1. You’re not working out often enough
If you are new to working out, even 1 session a week will help. In the beginning, any physical activity is an improvement on nothing.
If, however, you’ve been training for more than a month, anything less than 3 hard workouts a week isn’t going to cut it my friend.
3 days is the minimum. 4 days is better.
2. You work out too often
On the flipside – some people go to the gym too often.
There are people who work out 6-7 days a week, and 3-4 months later have made little to no progress.
How can someone hit the gym so often yet not improve?
Well, one potential reason is that what they are doing lacks intensity. Texting or watching animals humping on an Ipad is not training. (True story, I have actually seen a man watching a video of animals humping while on the treadmill.. we live in strange times).
Another problem with working out too often relates to cortisol.
Cortisol is a perfectly normal hormone that we all produce. When we exercise, it increases for a little while and then goes away. However, cortisol is only supposed to be produced for short periods – not hang around our bodies for long amounts of time.
When you train too much, cortisol levels remain elevated for long periods. This is not normal, and can actually cause fat gain and muscle loss.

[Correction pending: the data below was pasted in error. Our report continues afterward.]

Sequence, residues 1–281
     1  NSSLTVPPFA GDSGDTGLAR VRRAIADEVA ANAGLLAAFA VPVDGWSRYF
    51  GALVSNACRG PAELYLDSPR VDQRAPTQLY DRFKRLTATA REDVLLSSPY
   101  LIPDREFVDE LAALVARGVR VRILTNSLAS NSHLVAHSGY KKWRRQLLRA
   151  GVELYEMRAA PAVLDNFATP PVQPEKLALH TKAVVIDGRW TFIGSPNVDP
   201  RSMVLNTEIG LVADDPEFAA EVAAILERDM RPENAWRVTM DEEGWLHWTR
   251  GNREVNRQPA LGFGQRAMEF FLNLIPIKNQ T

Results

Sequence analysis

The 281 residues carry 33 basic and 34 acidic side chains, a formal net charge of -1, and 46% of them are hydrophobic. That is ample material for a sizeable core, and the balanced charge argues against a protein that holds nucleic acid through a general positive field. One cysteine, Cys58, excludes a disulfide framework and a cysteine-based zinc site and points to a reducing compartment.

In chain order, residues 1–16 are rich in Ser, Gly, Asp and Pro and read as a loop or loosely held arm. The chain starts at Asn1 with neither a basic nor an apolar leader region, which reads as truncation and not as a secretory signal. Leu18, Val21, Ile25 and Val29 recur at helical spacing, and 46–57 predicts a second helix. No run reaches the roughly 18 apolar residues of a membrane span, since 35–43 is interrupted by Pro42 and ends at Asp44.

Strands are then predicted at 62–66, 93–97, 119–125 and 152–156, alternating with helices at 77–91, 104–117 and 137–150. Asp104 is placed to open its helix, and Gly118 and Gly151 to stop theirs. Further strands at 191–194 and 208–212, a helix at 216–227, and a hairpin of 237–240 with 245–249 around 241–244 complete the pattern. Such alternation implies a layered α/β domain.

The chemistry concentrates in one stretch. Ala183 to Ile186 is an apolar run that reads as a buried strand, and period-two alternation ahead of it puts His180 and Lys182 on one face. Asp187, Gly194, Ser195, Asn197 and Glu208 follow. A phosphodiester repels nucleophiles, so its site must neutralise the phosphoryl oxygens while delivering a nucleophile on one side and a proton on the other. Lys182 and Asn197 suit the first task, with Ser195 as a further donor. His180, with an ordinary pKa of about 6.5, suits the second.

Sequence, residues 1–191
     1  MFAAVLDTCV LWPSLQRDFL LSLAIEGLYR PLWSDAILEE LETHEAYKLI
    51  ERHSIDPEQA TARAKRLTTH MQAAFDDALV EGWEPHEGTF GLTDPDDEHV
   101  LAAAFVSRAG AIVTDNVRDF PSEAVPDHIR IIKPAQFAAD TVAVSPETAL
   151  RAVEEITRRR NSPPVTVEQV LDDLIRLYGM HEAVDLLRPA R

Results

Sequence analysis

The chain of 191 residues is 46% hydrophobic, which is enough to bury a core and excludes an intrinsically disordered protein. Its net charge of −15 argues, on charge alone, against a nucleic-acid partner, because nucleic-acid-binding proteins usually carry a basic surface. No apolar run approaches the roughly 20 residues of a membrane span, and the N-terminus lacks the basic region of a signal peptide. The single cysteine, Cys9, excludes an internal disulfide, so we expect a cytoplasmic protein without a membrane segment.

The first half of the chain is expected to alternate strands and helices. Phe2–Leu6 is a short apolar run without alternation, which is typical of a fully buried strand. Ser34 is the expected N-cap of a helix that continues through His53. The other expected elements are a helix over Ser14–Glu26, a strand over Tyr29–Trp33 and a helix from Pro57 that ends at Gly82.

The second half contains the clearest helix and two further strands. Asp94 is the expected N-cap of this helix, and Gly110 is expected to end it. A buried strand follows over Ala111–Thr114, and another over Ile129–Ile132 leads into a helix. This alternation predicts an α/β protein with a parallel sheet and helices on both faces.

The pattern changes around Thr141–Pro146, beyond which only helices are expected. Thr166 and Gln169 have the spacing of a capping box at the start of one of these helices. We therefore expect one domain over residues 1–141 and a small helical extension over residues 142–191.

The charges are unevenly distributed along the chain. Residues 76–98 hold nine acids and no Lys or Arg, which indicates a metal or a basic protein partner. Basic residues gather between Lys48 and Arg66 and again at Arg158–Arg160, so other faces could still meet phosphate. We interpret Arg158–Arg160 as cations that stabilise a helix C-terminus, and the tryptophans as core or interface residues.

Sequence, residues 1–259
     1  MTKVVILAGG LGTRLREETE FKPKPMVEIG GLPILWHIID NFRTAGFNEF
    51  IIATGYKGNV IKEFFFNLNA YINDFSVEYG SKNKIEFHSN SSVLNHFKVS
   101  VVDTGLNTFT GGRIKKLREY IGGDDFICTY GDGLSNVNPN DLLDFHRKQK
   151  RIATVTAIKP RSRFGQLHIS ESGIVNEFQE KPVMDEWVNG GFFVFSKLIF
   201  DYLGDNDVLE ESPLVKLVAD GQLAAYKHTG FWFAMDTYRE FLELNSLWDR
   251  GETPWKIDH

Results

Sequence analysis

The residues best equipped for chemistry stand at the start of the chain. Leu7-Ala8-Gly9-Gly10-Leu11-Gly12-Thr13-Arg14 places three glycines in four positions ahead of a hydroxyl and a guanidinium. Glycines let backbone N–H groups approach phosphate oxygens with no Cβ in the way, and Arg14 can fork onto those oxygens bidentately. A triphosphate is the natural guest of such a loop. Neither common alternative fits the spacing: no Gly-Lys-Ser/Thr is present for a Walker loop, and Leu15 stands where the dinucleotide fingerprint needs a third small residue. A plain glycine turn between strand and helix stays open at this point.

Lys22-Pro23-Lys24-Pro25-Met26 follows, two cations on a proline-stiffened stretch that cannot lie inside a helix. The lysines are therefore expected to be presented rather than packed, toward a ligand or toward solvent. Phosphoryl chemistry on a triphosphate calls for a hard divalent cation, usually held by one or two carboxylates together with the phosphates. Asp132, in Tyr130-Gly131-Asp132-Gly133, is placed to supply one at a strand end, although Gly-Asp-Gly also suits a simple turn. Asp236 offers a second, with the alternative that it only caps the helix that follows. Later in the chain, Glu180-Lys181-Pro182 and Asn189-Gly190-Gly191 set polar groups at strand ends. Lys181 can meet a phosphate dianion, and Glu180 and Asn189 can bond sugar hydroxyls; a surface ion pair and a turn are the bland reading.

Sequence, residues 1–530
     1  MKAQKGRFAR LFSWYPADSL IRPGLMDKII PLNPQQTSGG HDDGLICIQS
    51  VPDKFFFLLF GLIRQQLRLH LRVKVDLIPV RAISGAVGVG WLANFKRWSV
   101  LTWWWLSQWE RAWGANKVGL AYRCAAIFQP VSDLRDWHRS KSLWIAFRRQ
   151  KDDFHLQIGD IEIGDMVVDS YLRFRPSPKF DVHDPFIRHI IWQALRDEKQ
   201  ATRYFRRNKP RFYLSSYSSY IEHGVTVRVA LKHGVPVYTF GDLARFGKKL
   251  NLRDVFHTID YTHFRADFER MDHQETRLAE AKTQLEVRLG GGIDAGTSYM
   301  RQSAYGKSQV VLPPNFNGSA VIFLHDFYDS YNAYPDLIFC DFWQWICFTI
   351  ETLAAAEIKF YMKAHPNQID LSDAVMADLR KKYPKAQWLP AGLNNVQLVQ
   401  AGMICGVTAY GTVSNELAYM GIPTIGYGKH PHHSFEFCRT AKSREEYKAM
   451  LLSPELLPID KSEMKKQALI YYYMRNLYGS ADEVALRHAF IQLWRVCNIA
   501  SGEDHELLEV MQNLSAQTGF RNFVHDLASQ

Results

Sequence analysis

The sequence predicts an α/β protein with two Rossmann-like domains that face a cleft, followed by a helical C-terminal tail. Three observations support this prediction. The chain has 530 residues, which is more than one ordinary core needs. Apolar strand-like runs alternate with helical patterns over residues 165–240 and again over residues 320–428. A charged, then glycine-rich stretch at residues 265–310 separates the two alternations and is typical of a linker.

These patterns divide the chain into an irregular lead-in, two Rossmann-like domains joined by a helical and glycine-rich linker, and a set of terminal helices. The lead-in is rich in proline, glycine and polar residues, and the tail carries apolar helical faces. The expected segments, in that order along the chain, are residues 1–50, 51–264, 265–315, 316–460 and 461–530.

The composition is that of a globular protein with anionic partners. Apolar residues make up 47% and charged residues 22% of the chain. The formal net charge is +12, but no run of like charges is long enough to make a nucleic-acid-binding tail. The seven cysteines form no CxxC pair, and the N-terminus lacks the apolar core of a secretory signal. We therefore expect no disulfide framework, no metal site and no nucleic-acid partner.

Yep, working out too often can increase fat gain and muscle loss.
This is not to mention a whole number of other potential health problems, such as cognitive and immune system issues.
Chronic anxiety, stress, and insufficient sleep are other factors that may contribute to high cortisol levels.
When you tell people that working out too often may be detrimental to their goals, they often point to people like Arnold Schwarzenegger, who, in his prime, trained for 2 hours, twice a day, 6-7 days a week.
What they fail to acknowledge however, is that Arnold was a great athlete who was taking highly potent anabolic steroids.
(There’s no doubt that you can train twice a day, but you must build up to it over a number of years, you also have to be immaculate with your training management, recovery and nutrition.)